Tag: vladimir putin

Remembering Georgia’s Freedom Fighter

Sometimes a person’s genuine significance can be assessed only after their passing. That seems to be the case of Kakha Bendukidze, Georgian entrepreneur, reformer, and philanthropist, who died unexpectedly early last month. While he was very well-known among libertarians in Eastern Europe and the former USSR, the reactions of some of the world’s leading media outlets suggest that his influence extended far beyond narrow ideological lines, making him one of the most important voices on public policy in the region.

Kakha was a close intellectual ally of Cato and did more than his fair share to promote free-market ideas in countries of the former USSR. In the early 2000s, he pressed for the adoption of a flat tax in Russia. Earlier than others, he understood Vladimir Putin’s true motives, sold his Russian businesses and moved to his native Georgia. It was there that he spearheaded, as Minister for Economy, the ambitious program of fighting corruption and liberalizing the economy, which led to extraordinarily high growth rates for Georgia’s economy. In 2007 alone, the economy expanded by 12.3 percent. After leaving public office, Kakha helped establish the Free University of Tbilisi, a private university offering Western-style undergraduate and graduate education, and the Knowledge Fund, a charity providing funding for teaching and research, including scholarships for Georgian students from poorer backgrounds.

Impressive as this account is, few would have guessed that his passing would prompt a wave of tributes and appreciations coming from sometimes unexpected places. On Foreign Policy’s Democracy Lab, Anna Nemtsova called Kakha one of Georgia’s “most progressive reformers and corruption fighters.” The New York Times published a lengthy obituary, which highlighted Kakha’s involvement with the new leadership of Ukraine. The Independent, in turn, called Kakha a “businessman and statesman who fell foul of Vladimir Putin but rescued Georgia’s post-Soviet economy.”

Finally, the New Yorker magazine offers a carefully written appreciation, offering a lot of details on Kakha’s life and activities in Ukraine prior to his untimely death, as well as the directness with which he communicated his ideas:

Even though he was unsure whether Ukrainians would accept the changes that he wanted to carry out, he agreed to work with [Ukrainian President] Poroshenko, friends say, because he saw Ukraine as the frontline of the battle for liberal reforms in the former Soviet states. With the same tough love that he had inflicted on Georgians, Bendukidze urged Ukrainians to stop blaming others for their problems. “You have broken every world record in idiocy,” he told an audience at the Kyiv School of Economics, in July. “You keep electing populists, people who promise you more. This means you are electing the worst.” He advocated cutting government spending, reducing retirement benefits for public servants, and radically deregulating the economy. Ukraine, he said, in one of his last interviews, had too many ministries and agencies. “Who needs them when the government’s sole function these days is to take money from the International Monetary Fund and pass it on in payment for Russian gas?” he asked.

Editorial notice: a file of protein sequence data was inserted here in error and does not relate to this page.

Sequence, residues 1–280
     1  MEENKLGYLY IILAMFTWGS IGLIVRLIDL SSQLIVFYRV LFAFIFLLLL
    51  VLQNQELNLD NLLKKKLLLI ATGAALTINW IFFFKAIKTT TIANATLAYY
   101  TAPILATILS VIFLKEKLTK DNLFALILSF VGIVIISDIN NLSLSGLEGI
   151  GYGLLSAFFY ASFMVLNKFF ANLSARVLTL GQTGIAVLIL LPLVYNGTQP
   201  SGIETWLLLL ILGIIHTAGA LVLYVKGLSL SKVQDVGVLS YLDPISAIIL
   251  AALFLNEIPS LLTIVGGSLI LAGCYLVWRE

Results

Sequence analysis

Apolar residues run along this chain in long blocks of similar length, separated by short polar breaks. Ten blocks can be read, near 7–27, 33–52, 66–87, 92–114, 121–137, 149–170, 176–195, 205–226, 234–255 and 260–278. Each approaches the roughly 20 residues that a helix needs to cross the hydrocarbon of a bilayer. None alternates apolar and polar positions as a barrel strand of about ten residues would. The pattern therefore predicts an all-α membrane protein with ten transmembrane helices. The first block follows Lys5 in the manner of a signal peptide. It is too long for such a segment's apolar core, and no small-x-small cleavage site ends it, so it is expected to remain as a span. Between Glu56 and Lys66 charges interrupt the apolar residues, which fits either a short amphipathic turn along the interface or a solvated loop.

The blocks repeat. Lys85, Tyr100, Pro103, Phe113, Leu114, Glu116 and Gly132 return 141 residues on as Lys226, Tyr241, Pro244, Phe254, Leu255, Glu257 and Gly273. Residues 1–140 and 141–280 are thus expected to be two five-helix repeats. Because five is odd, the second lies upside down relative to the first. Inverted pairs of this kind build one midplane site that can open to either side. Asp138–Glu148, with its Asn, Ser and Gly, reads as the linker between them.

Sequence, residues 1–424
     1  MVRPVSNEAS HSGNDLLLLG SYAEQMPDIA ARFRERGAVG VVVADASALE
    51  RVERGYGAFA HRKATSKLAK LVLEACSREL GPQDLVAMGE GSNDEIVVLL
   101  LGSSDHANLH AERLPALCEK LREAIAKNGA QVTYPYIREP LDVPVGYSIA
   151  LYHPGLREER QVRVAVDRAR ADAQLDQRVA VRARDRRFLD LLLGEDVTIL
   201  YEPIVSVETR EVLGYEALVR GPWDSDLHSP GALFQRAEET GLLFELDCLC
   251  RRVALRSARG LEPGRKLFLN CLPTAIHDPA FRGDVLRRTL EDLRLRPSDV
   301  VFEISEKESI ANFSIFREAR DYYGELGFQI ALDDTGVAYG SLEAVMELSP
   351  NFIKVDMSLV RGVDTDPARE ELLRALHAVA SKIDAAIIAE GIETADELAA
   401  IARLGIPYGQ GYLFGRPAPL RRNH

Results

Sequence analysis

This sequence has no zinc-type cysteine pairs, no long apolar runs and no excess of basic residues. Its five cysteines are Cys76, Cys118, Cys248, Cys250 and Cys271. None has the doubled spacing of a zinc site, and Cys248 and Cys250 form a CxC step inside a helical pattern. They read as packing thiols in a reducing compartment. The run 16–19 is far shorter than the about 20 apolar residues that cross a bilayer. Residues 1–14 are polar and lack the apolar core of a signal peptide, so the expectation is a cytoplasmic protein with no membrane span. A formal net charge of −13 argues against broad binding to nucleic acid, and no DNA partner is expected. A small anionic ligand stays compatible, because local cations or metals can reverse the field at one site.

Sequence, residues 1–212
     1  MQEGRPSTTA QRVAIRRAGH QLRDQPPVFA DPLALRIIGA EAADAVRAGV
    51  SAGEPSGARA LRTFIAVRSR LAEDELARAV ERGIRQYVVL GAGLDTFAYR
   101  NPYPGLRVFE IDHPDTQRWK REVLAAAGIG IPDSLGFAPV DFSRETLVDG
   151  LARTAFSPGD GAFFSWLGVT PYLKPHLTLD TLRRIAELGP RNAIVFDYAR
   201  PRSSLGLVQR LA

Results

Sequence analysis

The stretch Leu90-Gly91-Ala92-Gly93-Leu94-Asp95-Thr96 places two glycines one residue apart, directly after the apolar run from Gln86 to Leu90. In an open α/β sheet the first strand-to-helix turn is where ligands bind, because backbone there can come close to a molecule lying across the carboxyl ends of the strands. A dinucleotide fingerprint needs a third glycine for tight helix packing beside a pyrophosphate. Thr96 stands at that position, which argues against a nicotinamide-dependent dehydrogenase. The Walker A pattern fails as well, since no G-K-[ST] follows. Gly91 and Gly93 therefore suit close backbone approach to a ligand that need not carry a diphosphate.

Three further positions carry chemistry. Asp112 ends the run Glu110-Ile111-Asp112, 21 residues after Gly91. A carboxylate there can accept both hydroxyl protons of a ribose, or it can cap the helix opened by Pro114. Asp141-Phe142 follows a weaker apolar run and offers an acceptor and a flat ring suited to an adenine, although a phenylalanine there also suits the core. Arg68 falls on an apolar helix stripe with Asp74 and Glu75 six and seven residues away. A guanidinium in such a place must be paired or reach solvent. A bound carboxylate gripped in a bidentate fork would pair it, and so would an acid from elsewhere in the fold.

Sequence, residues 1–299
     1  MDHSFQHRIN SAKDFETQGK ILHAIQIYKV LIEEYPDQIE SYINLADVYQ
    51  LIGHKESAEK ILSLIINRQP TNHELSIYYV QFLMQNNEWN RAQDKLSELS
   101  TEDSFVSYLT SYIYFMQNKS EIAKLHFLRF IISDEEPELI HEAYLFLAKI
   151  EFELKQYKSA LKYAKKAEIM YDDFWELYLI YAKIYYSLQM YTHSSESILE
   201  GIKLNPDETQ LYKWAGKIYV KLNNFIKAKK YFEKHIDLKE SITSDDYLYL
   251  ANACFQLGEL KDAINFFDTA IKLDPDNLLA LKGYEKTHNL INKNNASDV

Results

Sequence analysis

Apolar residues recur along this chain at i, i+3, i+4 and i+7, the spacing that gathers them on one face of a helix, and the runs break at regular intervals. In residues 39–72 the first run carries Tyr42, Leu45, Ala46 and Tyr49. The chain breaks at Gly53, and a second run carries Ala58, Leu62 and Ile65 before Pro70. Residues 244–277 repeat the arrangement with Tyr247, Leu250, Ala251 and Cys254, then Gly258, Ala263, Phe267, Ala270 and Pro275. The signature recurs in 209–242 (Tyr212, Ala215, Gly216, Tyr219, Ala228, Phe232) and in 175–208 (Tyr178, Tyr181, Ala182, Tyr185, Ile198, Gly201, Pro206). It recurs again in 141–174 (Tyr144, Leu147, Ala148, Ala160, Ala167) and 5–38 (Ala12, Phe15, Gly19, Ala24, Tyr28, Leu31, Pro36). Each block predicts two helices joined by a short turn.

Romney and Russia: Complicating American Relationships

Mitt Romney has become the inevitable Republican presidential candidate.  He’s hoping to paint Barack Obama as weak, but his attempt at a flanking maneuver on the right may complicate America’s relationship with Eastern Europe and beyond.

Romney recently charged Russia with being America’s “number one geopolitical foe.”  As Jacob Heilbrunn of National Interest pointed out, this claim embodies a monumental self-contradiction, attempting to claim “credit for the collapse of the Soviet Union, on the one hand [while] predicting dire threats from Russia on the other.”  Thankfully, the U.S.S.R. really is gone, and neither all the king’s men nor Vladimir Putin can put it back together.

It is important to separate behavior which is grating, even offensive, and that which is threatening.  Putin is no friend of liberty, but his unwillingness to march lock-step with Washington does not mean that he wants conflict with America. Gordon Hahn of CSIS observes:

Yet despite NATO expansion, U.S. missile defense, Jackson-Vanik and much else, Moscow has refused to become a U.S. foe, cooperating with the West on a host of issues from North Korea to the war against jihadism.  Most recently, Moscow agreed to the establishment of a NATO base in Ulyanovsk.

These are hardly the actions of America’s “number one geopolitical foe.” Romney’s charge is both silly and foolish.

This doesn’t mean the U.S. should not confront Moscow when important differences arise.  But treating Russia as an adversary risks encouraging it to act like one.

Moreover, treating Moscow like a foe will make Russia more suspicious of America’s relationships with former members of the Warsaw Pact and republics of the Soviet Union—and especially Washington’s determination to continue expanding NATO.  After all, if another country ostentatiously called the U.S. its chief geopolitical threat, ringed America with bases, and established military relationships with areas that had broken away from the U.S., Washington would not react well.  It might react, well, a lot like Moscow has been reacting.

Although it has established better relations with the West, Russia still might not get along with some of its neighbors, most notably Georgia, with its irresponsibly confrontational president.  However, Washington should not give Moscow additional reasons to indulge its paranoia.

Cross-posted from the Skeptics at the National Interest.